FORT HOOD — With Fort Hood’s training at risk and cuts to family programs and civilian furloughs highly likely because of a combination of budget shortfalls, two of the post’s representatives in Congress offered a solution they plan to present in Washington, D.C.
At a news conference in front of Fort Hood’s main gate Friday, U.S. Rep. John Carter, R-Round Rock, with U.S. Rep. Roger Williams, R-Weatherford, standing next to him in support, said he plans to bring an appropriations bill up for a vote that would allow the Defense Department and military leaders to move money around between accounts despite operating under a “continuing resolution,” a type of legislation used by Congress to fund government agencies when a formal fiscal year budget has not been approved.
The plan would not stop the $18 billion shortfall the Army is facing between the continuing resolution and sequestration. During the news conference, Carter continually referred to “the Obama sequester,” as “bad for America,” despite having voted in favor of it in 2011.
“There’s still going to be cuts, but this allows them to rearrange their money to make sure the Army’s priorities are met,” said Carter, a member of the House Appropriations Committee. “It’s going to pass the House with ease. It’s going to have a bipartisan passing.”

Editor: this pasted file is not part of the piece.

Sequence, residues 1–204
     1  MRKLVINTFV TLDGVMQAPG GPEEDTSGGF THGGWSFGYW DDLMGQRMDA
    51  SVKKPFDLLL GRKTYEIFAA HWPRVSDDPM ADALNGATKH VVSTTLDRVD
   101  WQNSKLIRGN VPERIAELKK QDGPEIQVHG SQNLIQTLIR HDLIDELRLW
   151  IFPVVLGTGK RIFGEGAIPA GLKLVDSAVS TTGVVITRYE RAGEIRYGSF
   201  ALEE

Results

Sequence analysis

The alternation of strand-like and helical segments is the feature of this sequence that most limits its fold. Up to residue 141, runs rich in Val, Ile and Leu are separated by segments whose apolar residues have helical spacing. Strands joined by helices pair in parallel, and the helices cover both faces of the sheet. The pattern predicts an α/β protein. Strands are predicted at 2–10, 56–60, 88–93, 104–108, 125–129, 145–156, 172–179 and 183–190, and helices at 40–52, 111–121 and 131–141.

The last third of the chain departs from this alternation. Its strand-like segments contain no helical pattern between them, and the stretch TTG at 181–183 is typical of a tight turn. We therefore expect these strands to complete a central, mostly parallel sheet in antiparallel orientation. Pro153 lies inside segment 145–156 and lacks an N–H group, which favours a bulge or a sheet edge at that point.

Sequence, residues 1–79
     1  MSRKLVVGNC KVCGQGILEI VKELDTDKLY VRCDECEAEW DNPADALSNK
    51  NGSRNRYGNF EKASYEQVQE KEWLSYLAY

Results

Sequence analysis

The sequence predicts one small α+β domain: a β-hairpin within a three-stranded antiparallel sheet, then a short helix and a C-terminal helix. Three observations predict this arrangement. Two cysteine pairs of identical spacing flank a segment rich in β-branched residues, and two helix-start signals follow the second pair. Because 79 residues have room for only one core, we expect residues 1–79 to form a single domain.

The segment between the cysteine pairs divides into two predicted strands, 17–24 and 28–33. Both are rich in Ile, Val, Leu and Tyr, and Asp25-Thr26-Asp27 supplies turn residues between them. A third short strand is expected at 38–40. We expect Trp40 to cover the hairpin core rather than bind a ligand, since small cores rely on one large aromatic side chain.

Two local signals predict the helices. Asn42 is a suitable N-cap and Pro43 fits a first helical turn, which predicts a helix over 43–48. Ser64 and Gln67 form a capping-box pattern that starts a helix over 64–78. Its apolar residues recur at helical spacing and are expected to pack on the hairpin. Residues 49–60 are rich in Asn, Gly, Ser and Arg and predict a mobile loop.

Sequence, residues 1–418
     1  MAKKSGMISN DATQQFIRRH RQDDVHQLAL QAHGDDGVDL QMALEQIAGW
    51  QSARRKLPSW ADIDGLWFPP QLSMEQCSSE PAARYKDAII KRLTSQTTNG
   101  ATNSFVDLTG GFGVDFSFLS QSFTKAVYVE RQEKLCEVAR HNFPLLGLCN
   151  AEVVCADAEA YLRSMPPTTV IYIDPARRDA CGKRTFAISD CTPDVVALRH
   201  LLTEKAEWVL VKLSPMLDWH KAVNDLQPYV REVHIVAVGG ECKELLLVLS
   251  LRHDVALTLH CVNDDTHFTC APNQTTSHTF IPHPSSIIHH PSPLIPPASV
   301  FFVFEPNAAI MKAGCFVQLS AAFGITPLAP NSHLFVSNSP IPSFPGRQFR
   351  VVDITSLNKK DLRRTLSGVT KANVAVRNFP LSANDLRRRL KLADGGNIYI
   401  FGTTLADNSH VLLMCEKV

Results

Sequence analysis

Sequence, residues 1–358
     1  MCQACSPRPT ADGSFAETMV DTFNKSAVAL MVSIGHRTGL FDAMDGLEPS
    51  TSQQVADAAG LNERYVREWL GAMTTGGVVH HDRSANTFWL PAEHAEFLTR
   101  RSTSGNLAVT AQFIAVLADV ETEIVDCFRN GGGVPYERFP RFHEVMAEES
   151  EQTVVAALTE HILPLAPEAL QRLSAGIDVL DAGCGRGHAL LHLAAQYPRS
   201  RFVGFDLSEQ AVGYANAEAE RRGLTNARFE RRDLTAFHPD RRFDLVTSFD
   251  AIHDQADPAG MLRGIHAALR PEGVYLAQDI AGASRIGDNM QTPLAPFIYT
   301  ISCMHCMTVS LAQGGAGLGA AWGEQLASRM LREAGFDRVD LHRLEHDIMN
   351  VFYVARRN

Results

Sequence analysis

The bill is being drafted and should be introduced within the next week or two, according to Carter’s office.
Army Chief of Staff Gen. Raymond Odierno told “CBS This Morning” on Friday that the inability to work with a regular budget is a big problem for Army leaders.
“I’ve been the chief of staff of the Army for 18 months and I’ve never had a budget. We’ve always had a continuing resolution,” he said. “So it’s like a double problem that we have right now. So we need predictability in the budget cycle and we need to make sure that the cuts we get are managed appropriately so we can put a plan together so we can protect our soldiers, so they can do the job we’re asking them to do.”